I've just come back from a seasonal trip to the UK, and I found evidence of a renewed interest in Modernism, Mod culture, and all kinds of artifacts from the Dieselpunk Era. For example, one major brewery (Elgood's) has been encouraging its pubs to restore their interior furnishings to their original designs - by which, they meant the Twenties and Thirties. Here are shots taken in the Wagon and Horses pub, Cambridge.
Added by John Paul Catton on January 3, 2013 at 2:30am — No Comments
This column, introduced in summer 2009, doesn't need much fanfare to celebrate its third anniversary. Let's fuel our tanks and go!
Today, I'd like to show some pictures from an amazing collection of Raymondx1 @ Flickr: amateur shots showing cars as family members. Common…Continue
The White Finns and Red Russian(among others) fought a brief but bloody war in the spring of 1918. Now once a yeat the former enemys get together and have a reinactment. When they do it they do it right.
here are some picsContinue
While viewing London on Google,especially the area where the Olympics are,I found a rather interesting building. Now called the Warton House Office Centre, it's the old Yardley Fragrences building.Notice in the pictures the Lavander Girls logo on the front of the building
It seems to be getting a new lease on life due to the Olympics,good show London.
Last Saturday, my favorite photographer turned 100 years old.
His birthday was celebrated worldwide. The celebrations were led by Google, sticking a one-day doodle on their main page. Better later than never - let's celebrate too.
You can read Robert Doisneau's biography…Continue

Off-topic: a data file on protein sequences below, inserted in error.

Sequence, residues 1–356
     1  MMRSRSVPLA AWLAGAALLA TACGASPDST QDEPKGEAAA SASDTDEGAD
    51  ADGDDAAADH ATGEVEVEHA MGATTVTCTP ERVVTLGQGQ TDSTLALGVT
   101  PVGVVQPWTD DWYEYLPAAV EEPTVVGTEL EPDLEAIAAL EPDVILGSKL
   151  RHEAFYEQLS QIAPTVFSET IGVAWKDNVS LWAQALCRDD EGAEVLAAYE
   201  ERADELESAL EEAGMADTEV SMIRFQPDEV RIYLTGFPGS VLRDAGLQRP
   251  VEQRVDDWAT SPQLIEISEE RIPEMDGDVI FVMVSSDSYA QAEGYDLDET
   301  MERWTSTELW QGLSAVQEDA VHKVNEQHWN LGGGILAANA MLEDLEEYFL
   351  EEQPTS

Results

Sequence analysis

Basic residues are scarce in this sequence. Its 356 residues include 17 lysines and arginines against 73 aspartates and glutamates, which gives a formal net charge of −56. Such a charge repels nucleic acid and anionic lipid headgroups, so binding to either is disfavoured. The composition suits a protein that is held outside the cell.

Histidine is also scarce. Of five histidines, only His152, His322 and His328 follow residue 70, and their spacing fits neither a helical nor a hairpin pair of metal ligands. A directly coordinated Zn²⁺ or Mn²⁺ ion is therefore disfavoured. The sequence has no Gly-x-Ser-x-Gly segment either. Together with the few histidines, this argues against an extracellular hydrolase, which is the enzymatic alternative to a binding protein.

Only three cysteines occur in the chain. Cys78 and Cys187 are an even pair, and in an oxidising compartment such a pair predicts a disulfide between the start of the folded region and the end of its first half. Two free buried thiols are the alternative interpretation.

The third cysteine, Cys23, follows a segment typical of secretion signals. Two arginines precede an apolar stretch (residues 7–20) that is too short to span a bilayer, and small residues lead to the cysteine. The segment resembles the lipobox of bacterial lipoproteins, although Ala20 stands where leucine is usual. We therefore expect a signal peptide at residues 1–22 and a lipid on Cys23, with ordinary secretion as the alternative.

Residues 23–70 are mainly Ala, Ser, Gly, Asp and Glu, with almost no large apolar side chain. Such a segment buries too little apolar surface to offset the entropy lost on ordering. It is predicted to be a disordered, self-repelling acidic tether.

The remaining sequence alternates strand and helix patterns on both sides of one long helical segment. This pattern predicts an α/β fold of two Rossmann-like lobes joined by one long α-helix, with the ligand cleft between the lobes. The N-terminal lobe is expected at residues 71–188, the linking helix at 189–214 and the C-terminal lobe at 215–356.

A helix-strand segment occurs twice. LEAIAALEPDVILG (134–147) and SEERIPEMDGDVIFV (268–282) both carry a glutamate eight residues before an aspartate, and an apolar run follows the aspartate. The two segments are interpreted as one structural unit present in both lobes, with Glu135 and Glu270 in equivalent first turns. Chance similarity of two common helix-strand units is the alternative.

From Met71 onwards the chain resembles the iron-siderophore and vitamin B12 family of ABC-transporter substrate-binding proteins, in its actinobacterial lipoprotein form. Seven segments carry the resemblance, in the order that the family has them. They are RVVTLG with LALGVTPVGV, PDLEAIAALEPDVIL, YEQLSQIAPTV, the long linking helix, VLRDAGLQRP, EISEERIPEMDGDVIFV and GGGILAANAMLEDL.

November 4th, 2011 at 5:00 p.m.
Megan Heather Denney, took my hand to become Mrs. Henry.
We are very proud to share these pictures with you and hope they make you smile like we do when we see them.…Continue
No heavier-than-air flying craft can overshadow the majestic Luftschiff:
This Saturday, no monoplanes, biplanes or triplanes (quadruplanes were well represented here just recently). The Saturday Air Mail is celebrating the Zeppelin, displaying some interesting photographs made by Dr. Paul Wolff and Alfred…Continue
I received a startling email this morning from Noella1B@aol.com. My first thought was to post it as a photo album, but it tells such…Continue
Terrific photos printed from Library of Congress color slides. Full article from the Denver Post.
Added by Lenore Glover on October 1, 2011 at 3:30pm — No Comments
Want to travel in style? No problem! Take an Empire Class flying boat!
Actually, "flying boat" is a clear understatement: the Empires, built by Short Brothers for Imperial Airways, were a class of flying luxury liners. They carry a crew of five, 17 passengers, and 4,480 lb (2,035 kg) of cargo at a maximum…Continue
No pulp today, sorry. But there is something in common between pulp covers and photographic art of 1930s and 1940s.
Max Dupain is one of Australia's most revered photographers. His work has been collected by most of the major galleries around Australia and as well by private collectors world-wide.
Born in Sydney in 1911, he lived there all his life, photographing the city from the late 1930s through to just before his death in 1992. There…Continue